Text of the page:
Too often, if Gaelic texts are used at all, it is only in translated excerpts in English to illustrate the pre-determined conclusions of the author (Kennedy 1999). Research into Scottish Highland immigrant communities in North America needs to employ primary sources produced in Gaelic as foundational evidence, rather than decoration. There are many such sources which await proper scrutiny, and doing so will allow many new lines of research to be developed which allow a degree of detail and intimacy that is simply not available in anglophone sources. As there are no practicing Scottish Studies academics with the skills for handling Gaelic materials, however, there is no ability within the North American academy to train the next generation of scholars who might take up this virtually untouched field and develop it properly in the future.”

The scarcity of properly trained and supported Gaelic scholars in the Diaspora, especially when compared to other North American ethnic groups, is of course attributable to more than one cause. However, it is not due to the lack of qualified and interested candidates. There seems to be a real lack of support at the large university level, at least in America, for a true Gaelic diaspora program. Not even St. Francis Xavier in Nova Scotia offers a doctoral level degree let alone research and publishing support.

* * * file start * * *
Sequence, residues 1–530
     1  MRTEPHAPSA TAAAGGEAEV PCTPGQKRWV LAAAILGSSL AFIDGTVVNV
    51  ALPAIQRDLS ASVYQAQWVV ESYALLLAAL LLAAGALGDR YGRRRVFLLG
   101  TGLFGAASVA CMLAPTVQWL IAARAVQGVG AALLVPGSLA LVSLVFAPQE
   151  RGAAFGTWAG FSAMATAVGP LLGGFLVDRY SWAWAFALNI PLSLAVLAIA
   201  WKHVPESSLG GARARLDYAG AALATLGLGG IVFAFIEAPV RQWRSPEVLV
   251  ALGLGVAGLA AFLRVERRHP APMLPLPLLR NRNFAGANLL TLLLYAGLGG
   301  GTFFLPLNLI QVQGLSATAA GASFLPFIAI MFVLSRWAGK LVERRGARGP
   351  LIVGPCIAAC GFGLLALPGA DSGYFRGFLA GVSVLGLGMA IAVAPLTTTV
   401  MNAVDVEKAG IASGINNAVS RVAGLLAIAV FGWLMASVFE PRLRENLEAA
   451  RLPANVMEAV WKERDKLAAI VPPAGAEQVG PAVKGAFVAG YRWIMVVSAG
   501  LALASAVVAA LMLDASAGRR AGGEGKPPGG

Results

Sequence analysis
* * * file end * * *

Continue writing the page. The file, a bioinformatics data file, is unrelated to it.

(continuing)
The highest degree at St. FX is the Master of Arts in Celtic Studies – not even Scottish Gaelic studies.  It is striking that the Gaelic people, the native culture of Scotland, are consistently lumped into the “too big to fail” world of “Celtic Studies” at the university level instead of given the focus and support that the reality of Gaelic history demands. With no such support there will be little new research and publication. Without new research and publication we are severely constrained in learning and teaching the story of the Scottish Gael in the Diaspora.





One thought on “Scottish Gaelic Studies in the Diaspora: Isn’t Nova Scotia doing this?

  1. Goiridh Domhnullach

    This may be of interest to you:
    In 1919, Comunn Gaidhealach Caitligeach Chanada (the Scottish Catholic Society of Canada) was formed in Chirstmas Island. Too bad that they didn’t label it, more correctly translated from the Gaelic, the Gaelic Catholic Society of Canada.The main push of this body was to motivate people to keep up their faith, language and culture, to stay in the rural communities, farm more efficiently and be more self-sufficient. Through the 1920s, they published the magazine, “Am Mosgladh” (The Awakening). The articles are in both english and Gaelic. You can access them on-line here. Have a read and discover what some of the leaders of the Gaels in NS were saying in the 1920s. I believe that this movement greatly influenced the beginning of the StFX Extension Department and The Antigonish Movement. Unfortunately, the main driver in this organization, Fr. Donald MacAdam, who was the first to teach Gaelic at StFX in 1891, died in 1926 and I think that this took a lot of momentum away from the movement. Throughout the Diocese of Antigonish (Mainland Nova Scotia and Cape Breton Island) there were branches of the society. Glendale, Cape Breton had the “Montrose Branch” until 1929 at least.